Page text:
henchminion (henchminion) wrote,

Flinging poo in medieval France

In the thirteenth century, Orléans was an important centre for the study of French law. And what, you might ask, occupied the great legal minds of the day? Apparently it was the subject of flinging poo.

The Livre de Jostice et de Plet, a legal textbook, explains what to do when the shit hits.*


1. Vile filth is indeed a misdeed when one flings it without reason. Vile filth is that which is so stinky that it corrupts the air; and that which is otherwise does not constitute it, if one could keep it at home until the next day.

2. He who throws filth on a man ought to make amends.

3. One may ask: if one has thrown filth on a man, are there grounds for trial by combat (
point de gage)? And the response is that if a little bit of filth is thrown, and does not draw blood, or injure, or maim, or cause more than five sous of damage, there are no grounds for battle and the choice of proof lies with the plaintiff. But if great filth is flung, which causes great damage, or an injury, or a cut which causes great damage, in that case there are grounds.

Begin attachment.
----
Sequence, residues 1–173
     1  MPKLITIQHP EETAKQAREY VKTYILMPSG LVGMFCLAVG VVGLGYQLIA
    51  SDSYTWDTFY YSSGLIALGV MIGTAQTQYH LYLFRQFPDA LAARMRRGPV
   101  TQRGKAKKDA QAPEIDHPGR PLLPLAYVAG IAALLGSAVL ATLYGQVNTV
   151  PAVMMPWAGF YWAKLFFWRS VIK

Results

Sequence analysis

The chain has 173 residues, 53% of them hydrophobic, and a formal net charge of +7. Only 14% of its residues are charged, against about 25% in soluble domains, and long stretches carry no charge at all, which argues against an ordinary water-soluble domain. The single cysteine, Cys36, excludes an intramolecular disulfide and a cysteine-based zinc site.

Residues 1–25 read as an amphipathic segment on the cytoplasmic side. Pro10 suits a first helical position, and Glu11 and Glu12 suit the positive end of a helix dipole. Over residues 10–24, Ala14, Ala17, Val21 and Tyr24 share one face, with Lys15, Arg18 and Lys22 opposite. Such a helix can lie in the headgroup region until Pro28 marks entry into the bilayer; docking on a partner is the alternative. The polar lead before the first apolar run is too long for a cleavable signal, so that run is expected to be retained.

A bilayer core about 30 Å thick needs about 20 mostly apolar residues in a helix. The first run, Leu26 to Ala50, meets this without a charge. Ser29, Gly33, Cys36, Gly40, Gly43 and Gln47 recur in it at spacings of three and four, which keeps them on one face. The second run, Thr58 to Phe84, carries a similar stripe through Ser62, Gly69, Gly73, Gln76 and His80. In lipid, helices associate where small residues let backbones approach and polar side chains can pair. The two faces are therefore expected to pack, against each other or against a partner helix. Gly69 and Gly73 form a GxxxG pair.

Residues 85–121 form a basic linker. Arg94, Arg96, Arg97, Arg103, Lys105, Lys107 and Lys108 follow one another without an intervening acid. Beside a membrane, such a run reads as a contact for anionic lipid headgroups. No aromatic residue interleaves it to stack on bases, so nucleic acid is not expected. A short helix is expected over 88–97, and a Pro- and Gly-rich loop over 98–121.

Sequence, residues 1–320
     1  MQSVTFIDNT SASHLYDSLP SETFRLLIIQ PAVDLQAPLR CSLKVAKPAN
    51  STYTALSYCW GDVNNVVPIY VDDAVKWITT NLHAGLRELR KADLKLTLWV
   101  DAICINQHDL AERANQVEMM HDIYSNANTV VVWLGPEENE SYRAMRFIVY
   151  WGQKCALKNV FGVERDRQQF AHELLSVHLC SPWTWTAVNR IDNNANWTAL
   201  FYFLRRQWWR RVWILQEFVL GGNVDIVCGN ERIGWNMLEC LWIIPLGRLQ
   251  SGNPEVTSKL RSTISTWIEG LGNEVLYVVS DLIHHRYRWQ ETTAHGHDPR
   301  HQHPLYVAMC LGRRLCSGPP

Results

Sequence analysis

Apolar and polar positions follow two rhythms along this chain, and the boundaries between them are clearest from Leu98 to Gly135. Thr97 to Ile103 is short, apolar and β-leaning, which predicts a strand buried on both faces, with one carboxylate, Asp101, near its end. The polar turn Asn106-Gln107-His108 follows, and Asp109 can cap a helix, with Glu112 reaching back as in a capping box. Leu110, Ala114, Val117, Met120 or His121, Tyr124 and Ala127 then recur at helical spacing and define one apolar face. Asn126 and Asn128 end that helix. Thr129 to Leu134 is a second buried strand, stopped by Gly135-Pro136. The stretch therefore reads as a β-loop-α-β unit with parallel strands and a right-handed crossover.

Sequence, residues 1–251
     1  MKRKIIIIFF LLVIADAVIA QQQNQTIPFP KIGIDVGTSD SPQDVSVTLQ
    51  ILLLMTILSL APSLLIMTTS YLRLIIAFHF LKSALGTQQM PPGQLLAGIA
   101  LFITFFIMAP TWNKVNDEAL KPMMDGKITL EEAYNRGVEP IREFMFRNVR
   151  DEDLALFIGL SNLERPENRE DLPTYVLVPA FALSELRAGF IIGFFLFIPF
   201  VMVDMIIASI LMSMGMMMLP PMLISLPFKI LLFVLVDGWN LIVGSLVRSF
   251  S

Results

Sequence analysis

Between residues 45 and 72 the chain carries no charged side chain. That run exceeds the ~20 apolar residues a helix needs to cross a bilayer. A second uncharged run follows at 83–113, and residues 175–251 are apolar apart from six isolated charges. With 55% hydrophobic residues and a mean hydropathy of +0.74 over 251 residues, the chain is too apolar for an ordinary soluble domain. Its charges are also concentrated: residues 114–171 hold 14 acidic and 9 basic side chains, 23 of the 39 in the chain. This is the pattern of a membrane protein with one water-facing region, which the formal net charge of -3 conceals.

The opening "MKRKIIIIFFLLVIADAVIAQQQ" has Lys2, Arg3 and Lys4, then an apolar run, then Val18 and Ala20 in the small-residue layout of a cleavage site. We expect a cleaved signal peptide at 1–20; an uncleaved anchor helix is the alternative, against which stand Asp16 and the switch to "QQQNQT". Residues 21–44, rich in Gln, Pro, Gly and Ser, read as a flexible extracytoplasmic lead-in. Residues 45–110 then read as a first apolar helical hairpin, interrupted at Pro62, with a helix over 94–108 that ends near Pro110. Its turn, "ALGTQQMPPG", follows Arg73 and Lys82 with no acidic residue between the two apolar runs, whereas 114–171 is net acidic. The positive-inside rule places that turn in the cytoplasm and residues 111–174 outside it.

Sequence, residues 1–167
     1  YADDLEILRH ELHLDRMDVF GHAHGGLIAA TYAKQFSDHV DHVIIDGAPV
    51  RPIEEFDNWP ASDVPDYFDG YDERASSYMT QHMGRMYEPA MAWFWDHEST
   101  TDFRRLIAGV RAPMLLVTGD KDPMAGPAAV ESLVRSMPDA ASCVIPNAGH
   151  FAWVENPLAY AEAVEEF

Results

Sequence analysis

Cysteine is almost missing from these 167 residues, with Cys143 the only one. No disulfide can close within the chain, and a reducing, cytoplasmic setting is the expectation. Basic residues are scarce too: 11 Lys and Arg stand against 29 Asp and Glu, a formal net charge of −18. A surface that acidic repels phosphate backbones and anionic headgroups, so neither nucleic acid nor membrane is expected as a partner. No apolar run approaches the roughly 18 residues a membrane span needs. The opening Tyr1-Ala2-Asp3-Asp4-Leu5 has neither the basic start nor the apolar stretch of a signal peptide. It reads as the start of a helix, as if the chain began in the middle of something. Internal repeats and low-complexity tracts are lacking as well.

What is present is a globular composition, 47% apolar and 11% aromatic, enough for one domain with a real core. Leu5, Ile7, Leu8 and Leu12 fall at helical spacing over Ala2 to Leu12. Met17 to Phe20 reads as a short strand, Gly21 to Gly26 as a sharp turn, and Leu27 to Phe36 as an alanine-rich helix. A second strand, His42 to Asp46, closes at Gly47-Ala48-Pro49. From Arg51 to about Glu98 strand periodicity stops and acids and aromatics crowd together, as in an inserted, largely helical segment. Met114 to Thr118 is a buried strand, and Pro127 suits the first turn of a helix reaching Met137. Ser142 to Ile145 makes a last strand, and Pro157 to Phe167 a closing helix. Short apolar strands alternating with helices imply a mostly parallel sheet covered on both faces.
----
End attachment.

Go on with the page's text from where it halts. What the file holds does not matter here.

4. One can initiate legal action against someone who resides in a house [from which poo is thrown anonymously?], but it is not the same as accusing a man.

5. Pierre has thrown some filth on me, by which he has done me injury and ten sous worth of damage; and he saw this. And if he says that he did not see this, I am prepared to show and swear as I ought. And Pierre could counter with such denial and defence as he ought. And one would say that Pierre is liable to bear law and to recognize that it was seen or to counter the charge with battle.

6. Concerning damage, one cannot accuse without guarantors, and with guarantors one can.

*The quick and dirty translation is mine
Tags: dissertation, medieval weirdness
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